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July 09, 2008

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Comments

trav

very cool, i admit to never having heard of him- yet i see how his style has been co-opted by modern retro illustration, and even my own at times. thanks for the education. shag should owe this guy his career.

Ben

Beautiful--I'd seen the pieces of his used for WFMU, but didn't see the extent of his genius until seeing the "hallucinatory spawn" link.

dr.ashtray

HAPPY BIRTHDAY JIM!! Love that Flora!! Jeffrey...

dr.ashtray

I agree with trav's comment on SHAG owing Flora his entire career!!

Vince

I like Jim Flora's work, but there has always been something bugging me about it. Looking at the "spawn" link, it finally hit me; his work has no depth. That is, it is all two dimensional. Regardless of the media or subject matter, there is no third dimension. I wonder if he was blind in one eye.

trav

does 2d illustration have to have a third dimension? it's very 'cut paper' in look, but mixes naive with stylized training excellently. i don't think depth of feild is necessary for spot illustrations and energetic album covers.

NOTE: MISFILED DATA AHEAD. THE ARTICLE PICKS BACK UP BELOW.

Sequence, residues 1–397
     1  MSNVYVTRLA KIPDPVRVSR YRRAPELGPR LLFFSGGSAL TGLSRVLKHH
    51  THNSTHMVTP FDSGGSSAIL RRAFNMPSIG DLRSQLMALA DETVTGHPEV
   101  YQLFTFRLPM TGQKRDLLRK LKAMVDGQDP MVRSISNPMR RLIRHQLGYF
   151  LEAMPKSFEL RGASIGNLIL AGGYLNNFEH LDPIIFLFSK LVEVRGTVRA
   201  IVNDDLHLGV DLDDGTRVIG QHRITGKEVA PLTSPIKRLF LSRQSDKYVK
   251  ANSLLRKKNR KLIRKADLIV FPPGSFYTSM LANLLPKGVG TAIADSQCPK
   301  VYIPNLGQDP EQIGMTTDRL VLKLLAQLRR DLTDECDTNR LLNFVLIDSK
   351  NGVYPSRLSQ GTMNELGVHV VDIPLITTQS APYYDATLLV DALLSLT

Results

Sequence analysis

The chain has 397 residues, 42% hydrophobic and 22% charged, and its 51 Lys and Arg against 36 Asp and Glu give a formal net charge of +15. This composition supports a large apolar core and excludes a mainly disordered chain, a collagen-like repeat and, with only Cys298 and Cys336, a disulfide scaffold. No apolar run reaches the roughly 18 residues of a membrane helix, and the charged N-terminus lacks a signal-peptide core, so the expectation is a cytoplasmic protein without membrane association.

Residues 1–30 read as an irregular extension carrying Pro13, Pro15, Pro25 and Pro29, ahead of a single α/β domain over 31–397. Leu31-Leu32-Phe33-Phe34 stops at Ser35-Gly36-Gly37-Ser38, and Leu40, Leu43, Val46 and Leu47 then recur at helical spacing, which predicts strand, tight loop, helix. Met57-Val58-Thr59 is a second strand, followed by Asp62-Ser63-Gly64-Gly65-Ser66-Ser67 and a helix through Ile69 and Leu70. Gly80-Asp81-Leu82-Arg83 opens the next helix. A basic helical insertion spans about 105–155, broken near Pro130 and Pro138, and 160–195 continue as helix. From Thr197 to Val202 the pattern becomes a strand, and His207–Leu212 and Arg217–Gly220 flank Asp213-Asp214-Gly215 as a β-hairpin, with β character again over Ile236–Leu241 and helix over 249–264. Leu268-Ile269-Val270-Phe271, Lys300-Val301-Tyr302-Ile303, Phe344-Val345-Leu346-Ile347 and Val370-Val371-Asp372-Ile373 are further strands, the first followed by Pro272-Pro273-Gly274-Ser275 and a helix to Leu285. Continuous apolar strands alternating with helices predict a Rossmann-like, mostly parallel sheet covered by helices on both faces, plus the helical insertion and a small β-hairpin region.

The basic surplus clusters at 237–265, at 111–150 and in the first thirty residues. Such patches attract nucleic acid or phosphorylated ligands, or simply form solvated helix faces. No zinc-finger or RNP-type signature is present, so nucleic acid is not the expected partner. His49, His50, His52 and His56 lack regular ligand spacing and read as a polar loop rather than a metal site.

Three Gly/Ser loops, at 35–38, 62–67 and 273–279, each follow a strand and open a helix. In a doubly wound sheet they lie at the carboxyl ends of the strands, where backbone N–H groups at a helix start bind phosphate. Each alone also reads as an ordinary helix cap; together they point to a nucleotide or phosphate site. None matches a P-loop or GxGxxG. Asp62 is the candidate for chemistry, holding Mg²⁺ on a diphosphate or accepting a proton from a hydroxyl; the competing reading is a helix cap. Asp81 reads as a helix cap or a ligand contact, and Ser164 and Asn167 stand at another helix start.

Vince

I didn't say that a depth of field was necessary, just that it is lacking in ALL of his work. ALL of his work is still great. My only question now is, is that a conscious or subconscious thing?

fatty jubbo

certainly conscious- flora had a great sense of depth even if he flattened his planes. think matisse or picasso.

Texas Prairie Chicken

I'd love to hear that Mambo for Cats album, but it doesn't seem to be available on CD and I haven't seen any copies online. Any thoughts?

horold

Without knowing Flora, I would say his flat designs were intentional. I wonder if he influenced the Rocky and Bullwinkle cartoons style? Interesting comparison to Matisse and Picasso. I see the progenitors. If I had $1000 I'd buy that exquisite 63rd Street print and I'm in love with his wood cuts.

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